Under the new laws, everyone in the supply chain must take ‘reasonable steps’ to prevent driver fatigue and ensure a driver does not drive a heavy vehicle while impaired by fatigue – an approach consistent with existing Occupational Health & Safety (OH&S) laws.
Employers and customers will be held accountable for dangerous work schedules and long truck queues, which are known to be major causes of fatigue.
If poor business practices endanger the lives of other road users, there will be severe penalties for those responsible.
Penalties escalate sharply for offences which pose a serious road safety risk and may include court-imposed fines of up to $50,000 and demerit points.
Pointing the finger at someone else who has broken the law does not automatically mean you are no longer responsible. In some circumstances, you may have multiple duties under the Chain of Responsibility and are therefore also liable.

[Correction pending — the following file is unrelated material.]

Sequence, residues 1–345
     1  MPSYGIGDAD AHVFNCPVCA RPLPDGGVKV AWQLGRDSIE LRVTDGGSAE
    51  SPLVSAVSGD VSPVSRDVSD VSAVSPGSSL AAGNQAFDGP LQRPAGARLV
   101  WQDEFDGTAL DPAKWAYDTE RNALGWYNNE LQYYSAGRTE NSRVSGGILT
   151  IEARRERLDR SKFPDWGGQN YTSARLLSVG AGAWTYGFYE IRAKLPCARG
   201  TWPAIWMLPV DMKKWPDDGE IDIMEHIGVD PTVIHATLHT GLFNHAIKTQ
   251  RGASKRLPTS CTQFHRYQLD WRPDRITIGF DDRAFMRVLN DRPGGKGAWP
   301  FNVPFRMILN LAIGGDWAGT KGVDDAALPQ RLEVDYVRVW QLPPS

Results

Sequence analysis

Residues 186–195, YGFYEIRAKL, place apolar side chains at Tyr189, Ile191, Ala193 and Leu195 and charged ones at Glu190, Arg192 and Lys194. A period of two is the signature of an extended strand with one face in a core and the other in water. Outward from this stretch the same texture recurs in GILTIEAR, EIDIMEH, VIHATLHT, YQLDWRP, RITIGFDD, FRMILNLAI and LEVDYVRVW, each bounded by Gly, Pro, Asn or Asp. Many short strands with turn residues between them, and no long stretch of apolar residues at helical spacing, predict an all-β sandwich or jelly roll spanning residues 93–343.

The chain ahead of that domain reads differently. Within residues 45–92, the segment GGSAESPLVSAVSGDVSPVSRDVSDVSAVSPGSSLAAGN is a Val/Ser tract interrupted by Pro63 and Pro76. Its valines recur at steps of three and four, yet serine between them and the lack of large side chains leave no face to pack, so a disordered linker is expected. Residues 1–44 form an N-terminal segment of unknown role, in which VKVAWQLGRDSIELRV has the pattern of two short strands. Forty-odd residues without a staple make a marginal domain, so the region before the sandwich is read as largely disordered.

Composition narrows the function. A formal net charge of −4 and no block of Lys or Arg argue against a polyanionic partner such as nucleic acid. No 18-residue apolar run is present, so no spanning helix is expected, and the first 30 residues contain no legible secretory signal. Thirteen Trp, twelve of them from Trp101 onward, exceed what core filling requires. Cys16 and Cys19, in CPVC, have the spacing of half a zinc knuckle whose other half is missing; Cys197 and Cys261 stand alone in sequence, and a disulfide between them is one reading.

To comply with the law, you should ensure that you can demonstrate reasonable steps were taken to prevent a breach from occurring in your workplace or as a result of your activities. There are no limits to the ways in which you can do this. What constitutes reasonable steps will vary according to each individual’s circumstances. You may need to change the way you do business on a daily basis.
Taking reasonable steps could include:
‣ developing an industry code of practice
‣ use of accreditation schemes
‣ reviewing your business practices
‣ changing your commercial arrangements
‣ adopting a risk management approach
If you exercise control or influence over the transport task in your workplace you can be held legally liable for your actions, inactions or demands if they have caused or contributed to a road safety breach. The law requires you to take reasonable steps to prevent your conduct from causing or contributing to a breach. In addition, the law also prohibits you from:
‣ making demands that you know or ought to know would cause a breach
‣ entering into contracts that you know or ought to know would cause, encourage or give an incentive for a breach
‣ coercing, inducing or encouraging breaches; and passing on false or misleading information that could cause a breach